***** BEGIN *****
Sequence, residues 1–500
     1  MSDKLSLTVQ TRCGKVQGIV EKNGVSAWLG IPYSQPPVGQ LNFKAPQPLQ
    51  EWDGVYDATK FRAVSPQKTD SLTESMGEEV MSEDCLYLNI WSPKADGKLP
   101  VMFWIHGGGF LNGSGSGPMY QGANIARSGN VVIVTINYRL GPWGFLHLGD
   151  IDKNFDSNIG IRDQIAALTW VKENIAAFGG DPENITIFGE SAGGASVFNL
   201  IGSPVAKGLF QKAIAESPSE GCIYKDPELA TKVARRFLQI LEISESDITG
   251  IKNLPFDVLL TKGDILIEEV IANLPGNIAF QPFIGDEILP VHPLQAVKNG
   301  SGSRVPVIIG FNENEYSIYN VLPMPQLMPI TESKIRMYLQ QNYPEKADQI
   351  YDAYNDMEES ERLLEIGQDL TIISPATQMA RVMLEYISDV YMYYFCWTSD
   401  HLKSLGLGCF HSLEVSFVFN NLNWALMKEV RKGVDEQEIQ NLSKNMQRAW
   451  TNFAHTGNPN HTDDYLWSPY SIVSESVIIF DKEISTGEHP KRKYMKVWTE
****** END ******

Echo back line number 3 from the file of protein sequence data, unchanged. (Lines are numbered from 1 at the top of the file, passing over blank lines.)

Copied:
    51  EWDGVYDATK FRAVSPQKTD SLTESMGEEV MSEDCLYLNI WSPKADGKLP